Later he stormed out of the meeting and that that was the last time other members of the Dergue who had attended that meeting were seen!

Little was then known that all Ethiopia’s coups triggered by demonstrations by university students, had actually been engineered by Col. Mengistu in the same way that Nigeria’s General Sani Abacha had done in master-minding coups in West Africa’s most populous nation state.

Thus after Ethiopia followed Madagascar, again spearheaded by demonstrations by university students!

And as usual, other groups in the society that included, of course, the lumpen proletariat set in.

However, since then, military coups have been forced out of fashion mainly through the international community’s resolve to fight against such undemocratic methods of changing legally and democratically elected governments.

However, that does not mean that governments, especially those in developing countries can continue to do what they want as far as the whole question of governance is concerned.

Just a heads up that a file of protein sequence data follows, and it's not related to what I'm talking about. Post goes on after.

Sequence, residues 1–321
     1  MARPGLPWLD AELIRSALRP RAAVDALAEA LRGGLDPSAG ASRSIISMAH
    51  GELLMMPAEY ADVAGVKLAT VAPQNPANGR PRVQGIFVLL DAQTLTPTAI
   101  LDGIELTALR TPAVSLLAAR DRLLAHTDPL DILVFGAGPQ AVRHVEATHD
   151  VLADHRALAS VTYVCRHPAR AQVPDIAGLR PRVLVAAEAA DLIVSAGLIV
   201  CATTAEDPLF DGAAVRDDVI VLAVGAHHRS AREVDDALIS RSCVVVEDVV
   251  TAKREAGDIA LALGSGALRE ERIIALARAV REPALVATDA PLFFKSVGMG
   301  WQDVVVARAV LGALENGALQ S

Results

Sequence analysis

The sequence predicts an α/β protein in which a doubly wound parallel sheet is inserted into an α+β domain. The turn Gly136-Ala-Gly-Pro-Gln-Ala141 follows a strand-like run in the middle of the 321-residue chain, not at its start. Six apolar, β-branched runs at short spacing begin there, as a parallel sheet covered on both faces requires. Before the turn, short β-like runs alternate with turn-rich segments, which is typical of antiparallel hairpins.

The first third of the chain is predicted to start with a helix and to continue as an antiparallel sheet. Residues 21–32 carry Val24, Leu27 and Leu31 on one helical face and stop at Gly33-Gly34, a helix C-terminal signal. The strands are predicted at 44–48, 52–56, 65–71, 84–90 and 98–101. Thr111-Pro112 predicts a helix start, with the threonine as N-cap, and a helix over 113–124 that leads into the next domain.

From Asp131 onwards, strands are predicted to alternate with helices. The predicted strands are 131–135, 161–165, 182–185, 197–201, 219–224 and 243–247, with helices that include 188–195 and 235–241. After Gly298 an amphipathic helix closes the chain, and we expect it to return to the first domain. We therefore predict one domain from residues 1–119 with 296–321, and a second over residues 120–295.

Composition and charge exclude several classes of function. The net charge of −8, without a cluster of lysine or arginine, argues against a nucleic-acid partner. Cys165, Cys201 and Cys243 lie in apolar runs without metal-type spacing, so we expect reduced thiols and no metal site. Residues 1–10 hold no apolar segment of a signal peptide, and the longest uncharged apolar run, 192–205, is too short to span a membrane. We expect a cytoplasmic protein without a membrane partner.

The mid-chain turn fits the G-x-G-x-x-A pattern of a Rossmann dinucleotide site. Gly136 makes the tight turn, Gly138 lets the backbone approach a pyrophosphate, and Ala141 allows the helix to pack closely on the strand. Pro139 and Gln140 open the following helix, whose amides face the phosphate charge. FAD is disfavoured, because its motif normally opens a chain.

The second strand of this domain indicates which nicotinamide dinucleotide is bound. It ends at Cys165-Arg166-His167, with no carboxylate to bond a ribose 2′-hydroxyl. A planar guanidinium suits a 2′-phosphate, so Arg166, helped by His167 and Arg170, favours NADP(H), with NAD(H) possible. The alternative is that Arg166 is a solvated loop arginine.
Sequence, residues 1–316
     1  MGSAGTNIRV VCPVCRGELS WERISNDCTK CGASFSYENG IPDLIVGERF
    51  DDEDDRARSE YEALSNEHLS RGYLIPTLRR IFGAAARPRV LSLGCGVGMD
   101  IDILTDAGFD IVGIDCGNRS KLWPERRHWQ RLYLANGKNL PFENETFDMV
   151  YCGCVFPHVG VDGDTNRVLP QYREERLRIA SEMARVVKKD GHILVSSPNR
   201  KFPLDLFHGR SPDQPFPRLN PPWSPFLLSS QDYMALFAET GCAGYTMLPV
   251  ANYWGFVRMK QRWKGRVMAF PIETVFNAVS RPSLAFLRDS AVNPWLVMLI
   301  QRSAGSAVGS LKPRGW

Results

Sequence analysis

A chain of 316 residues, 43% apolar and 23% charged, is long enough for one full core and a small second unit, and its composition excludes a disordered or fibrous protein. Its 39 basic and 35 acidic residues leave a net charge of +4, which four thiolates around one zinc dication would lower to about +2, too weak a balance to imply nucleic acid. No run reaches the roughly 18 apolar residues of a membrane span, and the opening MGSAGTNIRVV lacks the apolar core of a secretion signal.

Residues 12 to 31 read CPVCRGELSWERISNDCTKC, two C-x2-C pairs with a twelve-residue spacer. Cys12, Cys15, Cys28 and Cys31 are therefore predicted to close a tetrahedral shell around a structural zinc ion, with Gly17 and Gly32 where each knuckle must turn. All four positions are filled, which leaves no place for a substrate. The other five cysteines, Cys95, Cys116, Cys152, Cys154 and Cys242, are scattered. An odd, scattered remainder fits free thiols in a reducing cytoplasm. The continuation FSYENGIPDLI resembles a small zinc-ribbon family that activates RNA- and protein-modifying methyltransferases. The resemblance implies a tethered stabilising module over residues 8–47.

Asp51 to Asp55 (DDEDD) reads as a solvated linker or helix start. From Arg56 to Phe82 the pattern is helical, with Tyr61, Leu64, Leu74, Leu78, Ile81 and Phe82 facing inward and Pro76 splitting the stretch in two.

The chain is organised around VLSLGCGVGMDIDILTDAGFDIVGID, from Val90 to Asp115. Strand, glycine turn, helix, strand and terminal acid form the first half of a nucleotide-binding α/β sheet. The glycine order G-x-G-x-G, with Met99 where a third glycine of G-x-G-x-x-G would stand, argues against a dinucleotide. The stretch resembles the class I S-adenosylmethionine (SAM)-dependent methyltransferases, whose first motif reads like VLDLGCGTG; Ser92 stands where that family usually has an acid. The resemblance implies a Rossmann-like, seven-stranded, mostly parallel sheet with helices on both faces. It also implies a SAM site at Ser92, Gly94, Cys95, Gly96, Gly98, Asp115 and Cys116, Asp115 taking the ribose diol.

They cannot because lately, the people have taken over from men in uniform as best illustrated in the last few months by what has come to be known as the Arab Spring which started in Tunisia before moving on to Egypt, Libya, Bahrain, Yemen and Syria.

The point is, the Tanzania government ought to take the doctors’ strike very seriously before it gets out of hand!

It is important that it views these developments with wider lenses; it has to take a glance at the big picture.

This is important because this strike could end up drawing into the fray other equally disgruntled groups such as teachers who have for a long time had an axe to grind with the government.

0 Comments | Be the first to comment


No articles